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Publication - Consultation paper

A Connected Scotland: tackling social isolation and loneliness and building stronger communities

Published: 16 Jan 2018

This strategy sets out our vision for a Scotland where everyone has the opportunity to develop meaningful relationships, regardless of age, status, circumstance, or identity.

40 page PDF

1.7 MB

40 page PDF

1.7 MB

Contents
A Connected Scotland: tackling social isolation and loneliness and building stronger communities
Ministerial Foreword

40 page PDF

1.7 MB

Ministerial Foreword

Jeane Freeman, Minister for Social Security

Social isolation and loneliness can affect anyone - at all ages and stages of life. As society changes, there is increasing recognition of social isolation and loneliness as major public health issues that can have a significant impact on a person's physical and mental health.

That's why we have committed to develop a national strategy to tackle it. I am delighted to present this draft for consultation, and I want to hear from everyone with an interest in this important subject.

Let me be clear at the outset that the Scottish Government recognises it has an important role in creating the conditions for change to happen and supporting communities to flourish and we are committed to doing that. That is why we're using this Strategy to articulate the range of areas across Government where we are taking forward work to address social isolation and loneliness and are asking for your views on what is needed to help change happen.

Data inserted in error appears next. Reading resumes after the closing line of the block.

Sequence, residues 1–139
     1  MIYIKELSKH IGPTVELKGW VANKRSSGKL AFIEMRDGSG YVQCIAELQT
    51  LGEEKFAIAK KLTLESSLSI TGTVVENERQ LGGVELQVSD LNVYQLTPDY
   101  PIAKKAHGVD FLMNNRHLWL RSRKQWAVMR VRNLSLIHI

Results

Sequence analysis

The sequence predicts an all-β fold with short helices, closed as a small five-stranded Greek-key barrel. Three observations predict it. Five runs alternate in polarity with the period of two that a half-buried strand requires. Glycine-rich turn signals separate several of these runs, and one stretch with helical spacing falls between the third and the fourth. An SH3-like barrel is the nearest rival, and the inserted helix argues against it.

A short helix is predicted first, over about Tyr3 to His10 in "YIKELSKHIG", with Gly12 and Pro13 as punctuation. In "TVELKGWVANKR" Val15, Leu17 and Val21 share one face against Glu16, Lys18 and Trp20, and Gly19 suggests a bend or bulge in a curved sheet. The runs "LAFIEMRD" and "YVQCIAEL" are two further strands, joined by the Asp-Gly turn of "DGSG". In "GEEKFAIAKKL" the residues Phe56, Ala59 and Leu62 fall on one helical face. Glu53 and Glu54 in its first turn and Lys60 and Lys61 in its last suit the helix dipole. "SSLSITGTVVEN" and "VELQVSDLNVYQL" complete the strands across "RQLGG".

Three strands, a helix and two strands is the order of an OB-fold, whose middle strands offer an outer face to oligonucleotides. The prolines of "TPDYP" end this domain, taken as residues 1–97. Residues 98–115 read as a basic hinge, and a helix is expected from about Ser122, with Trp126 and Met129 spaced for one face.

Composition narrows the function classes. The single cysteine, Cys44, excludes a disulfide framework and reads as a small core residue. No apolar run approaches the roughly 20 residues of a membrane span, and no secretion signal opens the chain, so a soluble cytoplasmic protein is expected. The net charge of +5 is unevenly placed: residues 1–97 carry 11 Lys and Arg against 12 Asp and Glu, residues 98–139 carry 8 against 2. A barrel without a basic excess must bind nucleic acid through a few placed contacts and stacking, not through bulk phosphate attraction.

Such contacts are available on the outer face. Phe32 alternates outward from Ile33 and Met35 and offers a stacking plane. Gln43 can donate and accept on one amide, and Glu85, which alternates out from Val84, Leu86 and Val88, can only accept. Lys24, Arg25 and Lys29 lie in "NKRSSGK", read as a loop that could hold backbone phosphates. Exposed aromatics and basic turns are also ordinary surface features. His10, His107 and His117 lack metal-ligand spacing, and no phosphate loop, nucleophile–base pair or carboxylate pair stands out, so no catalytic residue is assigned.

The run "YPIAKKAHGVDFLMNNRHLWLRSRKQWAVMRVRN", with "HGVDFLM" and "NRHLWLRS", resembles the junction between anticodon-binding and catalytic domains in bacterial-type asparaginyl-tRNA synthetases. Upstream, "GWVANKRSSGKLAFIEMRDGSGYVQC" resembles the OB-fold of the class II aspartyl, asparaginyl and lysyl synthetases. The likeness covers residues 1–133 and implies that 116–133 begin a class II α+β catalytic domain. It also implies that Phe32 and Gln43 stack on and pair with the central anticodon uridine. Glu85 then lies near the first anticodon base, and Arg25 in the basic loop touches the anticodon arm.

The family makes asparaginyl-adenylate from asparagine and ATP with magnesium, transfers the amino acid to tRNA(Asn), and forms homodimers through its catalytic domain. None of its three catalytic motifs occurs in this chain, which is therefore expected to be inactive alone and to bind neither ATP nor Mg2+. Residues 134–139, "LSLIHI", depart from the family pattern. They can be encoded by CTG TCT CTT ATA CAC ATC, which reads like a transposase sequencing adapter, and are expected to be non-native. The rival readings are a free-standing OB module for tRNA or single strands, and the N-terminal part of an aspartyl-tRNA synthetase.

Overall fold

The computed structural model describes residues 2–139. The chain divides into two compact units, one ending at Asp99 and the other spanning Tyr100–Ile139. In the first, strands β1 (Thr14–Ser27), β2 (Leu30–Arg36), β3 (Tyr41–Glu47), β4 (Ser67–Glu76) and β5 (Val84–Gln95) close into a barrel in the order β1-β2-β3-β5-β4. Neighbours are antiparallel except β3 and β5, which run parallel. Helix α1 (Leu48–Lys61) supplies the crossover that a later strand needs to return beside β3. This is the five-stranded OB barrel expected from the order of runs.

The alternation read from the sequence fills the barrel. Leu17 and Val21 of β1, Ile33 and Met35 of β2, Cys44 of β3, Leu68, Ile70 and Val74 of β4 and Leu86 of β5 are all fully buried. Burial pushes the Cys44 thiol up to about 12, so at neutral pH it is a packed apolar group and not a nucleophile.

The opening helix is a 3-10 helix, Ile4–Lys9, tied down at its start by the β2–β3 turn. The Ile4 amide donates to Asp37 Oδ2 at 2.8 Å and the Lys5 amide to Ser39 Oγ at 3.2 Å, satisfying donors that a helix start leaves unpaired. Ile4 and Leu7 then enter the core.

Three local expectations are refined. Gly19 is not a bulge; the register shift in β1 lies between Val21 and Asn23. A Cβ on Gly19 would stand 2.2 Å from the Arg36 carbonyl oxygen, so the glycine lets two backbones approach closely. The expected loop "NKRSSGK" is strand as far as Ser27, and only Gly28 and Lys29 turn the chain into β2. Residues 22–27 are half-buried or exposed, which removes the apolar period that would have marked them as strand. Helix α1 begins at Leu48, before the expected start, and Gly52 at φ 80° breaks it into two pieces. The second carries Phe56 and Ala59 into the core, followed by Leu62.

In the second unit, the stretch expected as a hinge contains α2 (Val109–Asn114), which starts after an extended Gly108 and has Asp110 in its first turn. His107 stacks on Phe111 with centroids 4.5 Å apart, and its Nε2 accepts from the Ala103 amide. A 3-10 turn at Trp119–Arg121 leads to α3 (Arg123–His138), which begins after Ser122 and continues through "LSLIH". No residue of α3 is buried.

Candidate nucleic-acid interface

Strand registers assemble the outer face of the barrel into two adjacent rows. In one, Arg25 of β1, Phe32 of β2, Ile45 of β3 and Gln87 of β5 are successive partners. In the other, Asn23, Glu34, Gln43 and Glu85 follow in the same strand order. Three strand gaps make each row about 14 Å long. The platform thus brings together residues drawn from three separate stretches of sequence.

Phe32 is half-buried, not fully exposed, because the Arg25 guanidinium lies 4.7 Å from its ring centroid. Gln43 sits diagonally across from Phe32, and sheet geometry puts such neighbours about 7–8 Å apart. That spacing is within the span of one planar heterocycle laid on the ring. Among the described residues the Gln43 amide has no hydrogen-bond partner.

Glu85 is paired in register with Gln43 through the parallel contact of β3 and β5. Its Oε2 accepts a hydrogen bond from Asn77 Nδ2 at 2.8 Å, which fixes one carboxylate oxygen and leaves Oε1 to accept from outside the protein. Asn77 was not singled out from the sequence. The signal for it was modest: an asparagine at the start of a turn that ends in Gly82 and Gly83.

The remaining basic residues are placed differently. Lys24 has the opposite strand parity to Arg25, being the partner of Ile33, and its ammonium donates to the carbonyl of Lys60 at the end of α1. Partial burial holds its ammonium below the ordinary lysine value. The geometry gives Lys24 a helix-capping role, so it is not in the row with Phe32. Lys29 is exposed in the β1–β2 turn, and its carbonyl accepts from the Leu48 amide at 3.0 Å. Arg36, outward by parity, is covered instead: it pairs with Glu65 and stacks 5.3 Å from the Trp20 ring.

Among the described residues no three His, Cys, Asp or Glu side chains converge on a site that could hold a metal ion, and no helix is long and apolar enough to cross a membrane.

But the biggest impact can only be delivered if we enable communities themselves to lead this work. This is a key aspect of our approach to community empowerment and public service reform which recognises that people and communities know what is best for them. So we want communities themselves to tell us what would make that difference and to use this Strategy as a platform to drive change in their localities.

We know that getting support into local communities can make a difference. Last year's social isolation and loneliness funding demonstrated that grassroots initiatives, run by organisations firmly rooted within communities, can have a hugely positive impact on people who are socially isolated, or experience regular feelings of loneliness.

But this is about more than money or projects. The reality is that we all have responsibility to ensure that our communities are more connected and cohesive, and that principles like kindness get greater traction in society. Whether it is saying hello to your neighbour, taking the time to get to know a regular customer at work, reaching out to someone you haven't seen in a while, or just a small act of kindness that can make a strangers day - all of this can go a long way to helping everyone feel part of their community.

I hope that you will take the time to respond to this consultation. This is an important issue, and together, I believe that we can build a more connected Scotland where all of us feel welcome, connected in our communities and valued.

Jeane Freeman
Minister for Social Security


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